Got Volatility?


5 Things You Should Be Considering Right Now

If you have been reading my blog over the last few years, you know that I am a huge proponent of people using strategies that build their confidence and peace of mind.

If the last couple of months, and especially the last few weeks have made you uncomfortable, then I suggest you take advantage of the recent rebound in stock prices from the recent large drops in the market and adjust your strategy to one that is less stressful on yourself.

I know that the increase in volatility over the last few months have might have gotten your attention. You may have heard about the inversion of the yield curve or our trade war with a variety of countries (not just China).

The tone of the market and optimism about stocks over the next few years has waned as a result.

If you look around the world, there are many countries that are close to entering a recession, if they are not there already. This is not an environment for big gains in stocks. Given that backdrop, it is hard to tell how long our market can hold at current levels.


Is There Any Good News?

Since we are one of the only developed countries with positive interest rates on government bonds, people from all over are investing their money here, which has been helping to hold up the value of stocks and real estate, as well as keeping interest rates low for now.

However, the positive effect this is having right now may only be temporary. If more money comes here, it could drive our rates down further.

Both Donald Trump and Alan Greenspan have indicated that they would like to see rates go down to zero or below, like the countries I mentioned above. If that were to happen, it could have a very negative impact on our economy.

This is Not the Place to Stop Reading This Article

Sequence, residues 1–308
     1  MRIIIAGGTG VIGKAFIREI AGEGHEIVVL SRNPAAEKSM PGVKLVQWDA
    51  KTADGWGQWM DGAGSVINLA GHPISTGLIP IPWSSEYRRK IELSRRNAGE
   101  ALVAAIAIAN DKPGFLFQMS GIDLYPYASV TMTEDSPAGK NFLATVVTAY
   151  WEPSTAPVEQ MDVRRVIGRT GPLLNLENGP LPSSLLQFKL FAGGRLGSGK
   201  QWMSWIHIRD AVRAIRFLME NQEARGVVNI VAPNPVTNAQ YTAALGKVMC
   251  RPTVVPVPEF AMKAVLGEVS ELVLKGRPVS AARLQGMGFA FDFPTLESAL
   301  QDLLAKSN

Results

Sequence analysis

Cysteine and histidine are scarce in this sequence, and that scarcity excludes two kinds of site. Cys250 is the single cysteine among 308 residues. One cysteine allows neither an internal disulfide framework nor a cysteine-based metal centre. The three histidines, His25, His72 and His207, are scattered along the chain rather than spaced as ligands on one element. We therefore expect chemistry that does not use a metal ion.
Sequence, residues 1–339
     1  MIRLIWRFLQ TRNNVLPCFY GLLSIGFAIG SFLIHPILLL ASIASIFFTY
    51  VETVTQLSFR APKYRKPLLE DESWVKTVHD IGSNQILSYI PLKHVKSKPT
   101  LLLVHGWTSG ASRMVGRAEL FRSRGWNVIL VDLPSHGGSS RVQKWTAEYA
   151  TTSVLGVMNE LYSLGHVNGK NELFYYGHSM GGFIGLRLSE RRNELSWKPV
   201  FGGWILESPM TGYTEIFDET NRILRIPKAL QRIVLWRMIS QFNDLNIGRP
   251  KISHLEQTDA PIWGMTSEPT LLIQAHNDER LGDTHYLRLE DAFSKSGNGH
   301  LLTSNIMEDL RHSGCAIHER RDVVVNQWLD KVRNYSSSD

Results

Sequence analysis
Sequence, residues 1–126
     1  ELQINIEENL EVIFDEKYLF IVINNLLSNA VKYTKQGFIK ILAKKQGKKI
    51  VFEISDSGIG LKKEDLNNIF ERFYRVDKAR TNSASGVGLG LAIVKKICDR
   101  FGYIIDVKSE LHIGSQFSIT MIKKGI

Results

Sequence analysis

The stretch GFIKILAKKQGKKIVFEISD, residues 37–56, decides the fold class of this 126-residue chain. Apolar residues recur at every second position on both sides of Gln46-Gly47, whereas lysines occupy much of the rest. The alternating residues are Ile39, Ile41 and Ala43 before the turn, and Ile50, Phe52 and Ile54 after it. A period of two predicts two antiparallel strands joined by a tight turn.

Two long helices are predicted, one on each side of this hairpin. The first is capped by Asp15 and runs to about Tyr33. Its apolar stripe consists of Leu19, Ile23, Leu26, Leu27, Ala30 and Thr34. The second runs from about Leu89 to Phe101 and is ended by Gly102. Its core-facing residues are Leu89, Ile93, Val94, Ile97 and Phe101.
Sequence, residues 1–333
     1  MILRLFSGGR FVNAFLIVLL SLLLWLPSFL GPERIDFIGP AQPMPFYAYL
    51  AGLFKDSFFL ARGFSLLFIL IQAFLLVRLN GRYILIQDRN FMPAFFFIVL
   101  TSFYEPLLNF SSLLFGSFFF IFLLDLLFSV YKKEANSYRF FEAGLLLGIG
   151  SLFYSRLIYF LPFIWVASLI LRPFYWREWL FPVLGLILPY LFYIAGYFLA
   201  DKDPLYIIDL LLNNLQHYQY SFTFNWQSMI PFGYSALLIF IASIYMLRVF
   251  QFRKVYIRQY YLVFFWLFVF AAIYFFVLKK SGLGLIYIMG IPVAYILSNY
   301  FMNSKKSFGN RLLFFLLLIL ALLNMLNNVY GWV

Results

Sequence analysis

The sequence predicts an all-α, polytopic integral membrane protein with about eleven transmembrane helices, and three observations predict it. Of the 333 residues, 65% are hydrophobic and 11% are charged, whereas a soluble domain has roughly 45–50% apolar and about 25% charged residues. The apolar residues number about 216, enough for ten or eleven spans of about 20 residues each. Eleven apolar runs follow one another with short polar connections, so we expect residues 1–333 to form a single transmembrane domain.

Many of you reading this probably don’t find economics and finance to be fascinating subjects like I do, which is why I have broken it down to 5 things you need to consider.

  1. Reduce your risk exposure. There is a time for risk and a time for taking risk off the table. Given current valuations in many more aggressive asset classes (think stocks near all time highs, home prices in many markets, junk bonds, etc.) there is very little upside left in these markets – which means the risk of loss is greater than the opportunity for gain – given the recent slow down in economic growth and 7 straight quarters of declining profits for publicly traded companies.

Pro tip: Meet with your financial advisor and ask them how they are looking towards protecting your portfolio from significant losses.

  1. Raise cash. In turbulent times, cash is king. There likely will be great buying opportunities available if values collapse. People who had access to cash in 2009 were able to make great profits buying stocks and real estate for a fraction of what they were worth a few years before, and they have enjoyed significant gains as a result.

Pro tip: These opportunities have presented themselves after each recession over the past several decades.